Three of the woman who took the stand Wednesday afternoon were testifying under a court-approved grant of immunity for their own drug activity.

Jacqueline Spencer, of Waterville, said she knew Luc and Valerie, and that she had been her maid of honor at their wedding in June 2014. She said the Tiemans used drugs — heroin and Percocet, both narcotics with a high risk for addiction and dependence — the whole time she knew them.

“They injected — Luc would inject Valerie,” she testified.

Another woman, Theresa Blais, said she saw Luc in September 2016 and the first words out of his mouth were “I’m newly single.”

Torie York, currently in rehab in Bangor, said that she was the one who had messaged Valerie late the night of Aug. 24, 2016, telling her that Luc was cheating on her with other women.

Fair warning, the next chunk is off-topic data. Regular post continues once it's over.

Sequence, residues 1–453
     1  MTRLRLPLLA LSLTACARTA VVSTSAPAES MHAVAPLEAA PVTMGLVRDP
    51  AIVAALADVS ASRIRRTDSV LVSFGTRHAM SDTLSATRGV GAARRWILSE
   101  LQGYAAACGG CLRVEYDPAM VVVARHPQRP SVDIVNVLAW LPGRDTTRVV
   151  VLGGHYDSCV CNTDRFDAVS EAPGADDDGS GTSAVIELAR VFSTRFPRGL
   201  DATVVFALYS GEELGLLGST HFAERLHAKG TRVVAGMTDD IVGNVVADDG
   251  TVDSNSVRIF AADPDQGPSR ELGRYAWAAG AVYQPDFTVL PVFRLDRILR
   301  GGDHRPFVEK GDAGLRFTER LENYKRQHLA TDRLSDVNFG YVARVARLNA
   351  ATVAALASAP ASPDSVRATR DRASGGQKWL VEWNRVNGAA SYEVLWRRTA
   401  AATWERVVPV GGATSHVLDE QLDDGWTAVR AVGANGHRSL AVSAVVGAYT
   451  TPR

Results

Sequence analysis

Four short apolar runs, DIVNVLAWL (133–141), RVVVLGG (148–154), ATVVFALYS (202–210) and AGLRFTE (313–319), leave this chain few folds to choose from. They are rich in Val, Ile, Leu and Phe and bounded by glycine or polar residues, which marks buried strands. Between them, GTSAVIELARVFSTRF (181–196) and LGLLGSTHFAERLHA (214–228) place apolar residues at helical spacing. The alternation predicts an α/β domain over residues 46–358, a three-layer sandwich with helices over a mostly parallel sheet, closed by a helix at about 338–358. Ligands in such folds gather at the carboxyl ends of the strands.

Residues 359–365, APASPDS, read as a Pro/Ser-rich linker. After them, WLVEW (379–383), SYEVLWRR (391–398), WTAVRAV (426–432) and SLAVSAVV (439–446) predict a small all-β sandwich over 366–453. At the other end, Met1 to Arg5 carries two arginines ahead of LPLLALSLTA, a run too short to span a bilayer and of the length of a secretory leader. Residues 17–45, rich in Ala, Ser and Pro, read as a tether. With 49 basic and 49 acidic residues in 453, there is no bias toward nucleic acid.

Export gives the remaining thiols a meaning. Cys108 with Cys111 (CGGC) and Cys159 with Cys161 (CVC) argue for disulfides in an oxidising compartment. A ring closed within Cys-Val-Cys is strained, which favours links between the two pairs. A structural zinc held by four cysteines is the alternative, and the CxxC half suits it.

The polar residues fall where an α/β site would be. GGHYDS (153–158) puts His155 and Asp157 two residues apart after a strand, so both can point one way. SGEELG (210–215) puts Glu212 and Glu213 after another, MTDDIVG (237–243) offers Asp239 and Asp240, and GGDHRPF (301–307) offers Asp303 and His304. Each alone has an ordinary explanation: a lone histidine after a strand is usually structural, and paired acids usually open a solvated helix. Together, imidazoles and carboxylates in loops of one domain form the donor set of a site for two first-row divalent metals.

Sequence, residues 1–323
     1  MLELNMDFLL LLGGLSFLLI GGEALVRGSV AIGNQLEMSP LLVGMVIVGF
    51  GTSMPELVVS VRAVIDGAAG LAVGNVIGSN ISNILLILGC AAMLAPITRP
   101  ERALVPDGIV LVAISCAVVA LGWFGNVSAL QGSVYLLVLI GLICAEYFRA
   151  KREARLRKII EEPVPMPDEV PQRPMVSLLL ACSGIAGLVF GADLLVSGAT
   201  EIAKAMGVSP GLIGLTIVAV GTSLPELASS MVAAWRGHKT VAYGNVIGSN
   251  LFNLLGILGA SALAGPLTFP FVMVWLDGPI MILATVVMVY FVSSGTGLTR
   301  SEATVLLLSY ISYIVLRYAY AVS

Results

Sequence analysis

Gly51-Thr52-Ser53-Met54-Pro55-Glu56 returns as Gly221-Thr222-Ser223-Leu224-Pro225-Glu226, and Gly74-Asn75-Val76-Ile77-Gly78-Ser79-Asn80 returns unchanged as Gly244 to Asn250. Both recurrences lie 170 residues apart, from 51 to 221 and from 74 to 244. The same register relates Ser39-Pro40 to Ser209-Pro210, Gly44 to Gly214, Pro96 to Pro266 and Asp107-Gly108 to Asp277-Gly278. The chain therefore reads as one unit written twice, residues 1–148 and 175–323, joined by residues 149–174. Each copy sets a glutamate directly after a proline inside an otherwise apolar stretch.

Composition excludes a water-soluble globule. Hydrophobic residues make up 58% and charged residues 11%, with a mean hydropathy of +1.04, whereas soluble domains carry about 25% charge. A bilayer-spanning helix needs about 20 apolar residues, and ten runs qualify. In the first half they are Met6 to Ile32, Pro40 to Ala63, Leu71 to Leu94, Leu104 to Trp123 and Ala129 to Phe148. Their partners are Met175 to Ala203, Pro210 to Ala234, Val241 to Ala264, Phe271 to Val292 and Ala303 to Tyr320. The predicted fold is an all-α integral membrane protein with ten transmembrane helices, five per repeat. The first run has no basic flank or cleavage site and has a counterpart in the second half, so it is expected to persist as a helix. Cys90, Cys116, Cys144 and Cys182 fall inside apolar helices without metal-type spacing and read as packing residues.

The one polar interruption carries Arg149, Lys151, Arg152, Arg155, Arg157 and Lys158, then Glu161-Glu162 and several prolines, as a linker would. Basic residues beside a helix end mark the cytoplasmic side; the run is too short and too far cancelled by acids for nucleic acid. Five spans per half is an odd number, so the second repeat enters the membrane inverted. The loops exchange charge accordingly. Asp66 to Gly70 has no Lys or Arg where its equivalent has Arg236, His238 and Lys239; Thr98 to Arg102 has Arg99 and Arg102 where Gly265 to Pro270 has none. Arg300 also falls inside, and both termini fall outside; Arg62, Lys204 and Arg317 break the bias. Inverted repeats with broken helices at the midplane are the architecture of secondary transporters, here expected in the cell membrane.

The final state witness of the day was Billi-Jo Hawes, also known as Billi-Jo Goodwin, the woman who Tieman told police was his “rebound girl” after Valerie had left him for another man. Hawes testified that she and Luc Tieman “had sex” after a pool party in Waterville on Aug. 24, 2016, and that he moved in with her two days later. They were planning a life together, possibly marriage, until Sept. 13, 2016, the day state police detectives interviewed him about Valerie’s reported disappearance.

The prosecutor asked Hawes if Luc Tieman was in the courtroom Wednesday afternoon and she said yes — one of three men at the defendant’s table.

Luc Tieman raised his hand to identify himself, then settled back in.

The trial continues at 9 a.m. Thursday.

Doug Harlow — 612-2367

[email protected]

Twitter:@Doug_Harlow